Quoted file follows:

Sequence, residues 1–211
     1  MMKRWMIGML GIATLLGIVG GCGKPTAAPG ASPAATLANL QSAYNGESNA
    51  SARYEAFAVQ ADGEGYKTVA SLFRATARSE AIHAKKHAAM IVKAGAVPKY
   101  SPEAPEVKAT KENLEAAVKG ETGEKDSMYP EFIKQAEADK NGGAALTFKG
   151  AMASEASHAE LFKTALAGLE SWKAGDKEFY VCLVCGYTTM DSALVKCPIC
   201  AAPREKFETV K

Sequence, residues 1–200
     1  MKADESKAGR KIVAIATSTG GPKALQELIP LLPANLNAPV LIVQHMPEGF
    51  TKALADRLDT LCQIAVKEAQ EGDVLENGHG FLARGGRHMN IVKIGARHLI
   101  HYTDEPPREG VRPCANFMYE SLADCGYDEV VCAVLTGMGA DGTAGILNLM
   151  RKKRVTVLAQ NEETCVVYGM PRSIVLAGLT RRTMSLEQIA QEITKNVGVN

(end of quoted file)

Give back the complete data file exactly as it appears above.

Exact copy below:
Sequence, residues 1–211
     1  MMKRWMIGML GIATLLGIVG GCGKPTAAPG ASPAATLANL QSAYNGESNA
    51  SARYEAFAVQ ADGEGYKTVA SLFRATARSE AIHAKKHAAM IVKAGAVPKY
   101  SPEAPEVKAT KENLEAAVKG ETGEKDSMYP EFIKQAEADK NGGAALTFKG
   151  AMASEASHAE LFKTALAGLE SWKAGDKEFY VCLVCGYTTM DSALVKCPIC
   201  AAPREKFETV K

Sequence, residues 1–200
     1  MKADESKAGR KIVAIATSTG GPKALQELIP LLPANLNAPV LIVQHMPEGF
    51  TKALADRLDT LCQIAVKEAQ EGDVLENGHG FLARGGRHMN IVKIGARHLI
   101  HYTDEPPREG VRPCANFMYE SLADCGYDEV VCAVLTGMGA DGTAGILNLM
   151  RKKRVTVLAQ NEETCVVYGM PRSIVLAGLT RRTMSLEQIA QEITKNVGVN